IPA – Welsh: Tiny Rebel Urban IPA

This mid-week beer is from the Welsh Tiny Rebel – Their Urban IPA. I’ve always admired Tiny Rebel as a brewery and it’s nice to be able to include them in this blog – expect to see a few more of their beers soon as they do some good’ns! This is a 5.5% IPA which always seems to be on tap in my Local in Summer, so I thought it would be the best one to go for in the current season!

Let’s start with Tiny Rebel’s description of the brew:

A carefully-crafted intercontinental blend of hops helps us take traditional IPAs to the next level with Urban IPA. If you’re bored with soulless IPAs drunk by farmers in wellies, it’s time to go URBAN.

A nice, short description letting you into an insight on how they make the beer and a little joke about some of the blander IPA’s out there in the UK. There’s not really much else to say about this as it’s quite a short description. I must say that the little poke against a certain Brewery in Farm Territory made me crack a smile, though.

Let’s start with the Hops in this one, I think Simcoe, Columbus, Centennial and Citra have been used in this one. As for the Malts, we’ve got 2-Row, Caramalt, a touch of Golden Light and then a little Red Wheat. After this, it’s fermented with a nice San Diego Style yeast.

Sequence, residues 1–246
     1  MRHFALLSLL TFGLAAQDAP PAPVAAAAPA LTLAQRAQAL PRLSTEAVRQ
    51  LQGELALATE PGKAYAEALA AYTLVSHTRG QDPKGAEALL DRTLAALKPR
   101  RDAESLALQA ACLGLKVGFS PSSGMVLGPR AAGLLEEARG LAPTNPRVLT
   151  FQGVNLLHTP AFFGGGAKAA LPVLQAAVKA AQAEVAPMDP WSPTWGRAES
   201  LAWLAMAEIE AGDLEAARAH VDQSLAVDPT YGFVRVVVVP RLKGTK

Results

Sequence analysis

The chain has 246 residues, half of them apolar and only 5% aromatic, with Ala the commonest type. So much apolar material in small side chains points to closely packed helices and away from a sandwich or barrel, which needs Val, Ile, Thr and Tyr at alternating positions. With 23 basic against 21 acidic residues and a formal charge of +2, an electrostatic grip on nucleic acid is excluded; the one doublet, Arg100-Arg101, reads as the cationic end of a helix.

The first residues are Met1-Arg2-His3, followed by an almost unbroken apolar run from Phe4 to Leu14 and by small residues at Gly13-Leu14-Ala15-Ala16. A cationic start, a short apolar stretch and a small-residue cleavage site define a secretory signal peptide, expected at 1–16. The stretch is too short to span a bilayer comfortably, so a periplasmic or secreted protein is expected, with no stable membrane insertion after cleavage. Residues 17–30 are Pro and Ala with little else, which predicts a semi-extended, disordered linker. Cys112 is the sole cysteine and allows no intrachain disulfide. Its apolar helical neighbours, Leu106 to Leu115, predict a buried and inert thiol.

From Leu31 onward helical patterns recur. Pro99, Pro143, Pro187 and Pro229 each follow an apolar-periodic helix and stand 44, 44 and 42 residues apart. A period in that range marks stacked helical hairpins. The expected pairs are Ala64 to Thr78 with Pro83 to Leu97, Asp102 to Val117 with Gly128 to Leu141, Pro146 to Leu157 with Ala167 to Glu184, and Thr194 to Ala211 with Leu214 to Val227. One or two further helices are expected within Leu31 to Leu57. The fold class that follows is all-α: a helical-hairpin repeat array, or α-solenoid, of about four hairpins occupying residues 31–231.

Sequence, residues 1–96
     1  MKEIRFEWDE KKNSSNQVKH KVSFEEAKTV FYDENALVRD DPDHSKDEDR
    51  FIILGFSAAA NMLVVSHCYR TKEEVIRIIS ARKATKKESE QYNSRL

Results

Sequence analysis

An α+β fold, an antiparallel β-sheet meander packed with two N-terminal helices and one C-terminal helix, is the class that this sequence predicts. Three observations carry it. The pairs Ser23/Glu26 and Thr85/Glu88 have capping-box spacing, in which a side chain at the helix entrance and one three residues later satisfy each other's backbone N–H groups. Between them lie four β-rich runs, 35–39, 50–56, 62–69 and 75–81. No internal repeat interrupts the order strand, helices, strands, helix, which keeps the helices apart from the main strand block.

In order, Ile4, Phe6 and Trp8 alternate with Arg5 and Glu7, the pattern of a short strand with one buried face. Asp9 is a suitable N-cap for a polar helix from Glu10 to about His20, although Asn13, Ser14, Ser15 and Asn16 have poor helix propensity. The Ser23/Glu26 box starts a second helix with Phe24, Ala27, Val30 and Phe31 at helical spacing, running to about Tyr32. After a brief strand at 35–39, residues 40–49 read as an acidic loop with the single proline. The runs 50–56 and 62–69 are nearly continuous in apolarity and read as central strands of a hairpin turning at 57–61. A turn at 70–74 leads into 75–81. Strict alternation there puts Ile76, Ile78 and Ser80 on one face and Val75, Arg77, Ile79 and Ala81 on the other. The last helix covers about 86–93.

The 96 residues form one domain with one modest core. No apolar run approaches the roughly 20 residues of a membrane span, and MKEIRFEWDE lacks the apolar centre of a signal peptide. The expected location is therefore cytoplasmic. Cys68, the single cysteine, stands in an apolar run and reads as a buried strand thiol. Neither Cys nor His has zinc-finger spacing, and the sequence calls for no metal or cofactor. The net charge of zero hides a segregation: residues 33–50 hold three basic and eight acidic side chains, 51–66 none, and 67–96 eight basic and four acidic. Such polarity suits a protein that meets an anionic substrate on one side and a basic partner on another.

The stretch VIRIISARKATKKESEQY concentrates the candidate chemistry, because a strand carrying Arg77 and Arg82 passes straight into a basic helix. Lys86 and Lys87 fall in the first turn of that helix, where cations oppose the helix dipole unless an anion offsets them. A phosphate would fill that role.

When you pour this beer, it’s a deep Orange with a thick White Head which has the best retention of the beers I’ve seen as of late. It eventually dissipates to a thin head and sticks around the entire time you drink, leaving foamy lacing around the glass. On the nose, there’s Citrus, Passion Fruit and some Floral/Rose notes which are interesting. When you taste this beer, you get a huge hit of Grapefruit, Citrus and Rose water. A nice, sticky Caramel backbone carries throughout, which is a great touch to this super-citrusy IPA. The body is medium, with medium carbonation. The beer has quite a creamy feel in your mouth and finishes dry.

You can buy Urban IPA at:

Tiny Rebel

Honest Brew

Amazon

Beer Gonzo

Beer Merchants

EST. CALORIES: 165   ABV: 5.5%

Advertisements

Anniversary Post! Double IPA – Firestone Walker Double Jack

Just to start this post off, it’s our 1st Birthday today! The response we’ve got from this blog over the last year has been incredible. We’ve got to try some amazing beers, go to some amazing events and meet some great people! Thanks for coming along for the ride, it doesn’t stop here so thanks for your support and lets carry on spreading the word of good beer! Speaking of beer…

(PS. Apologies for the cheesy edit, I couldn’t resist)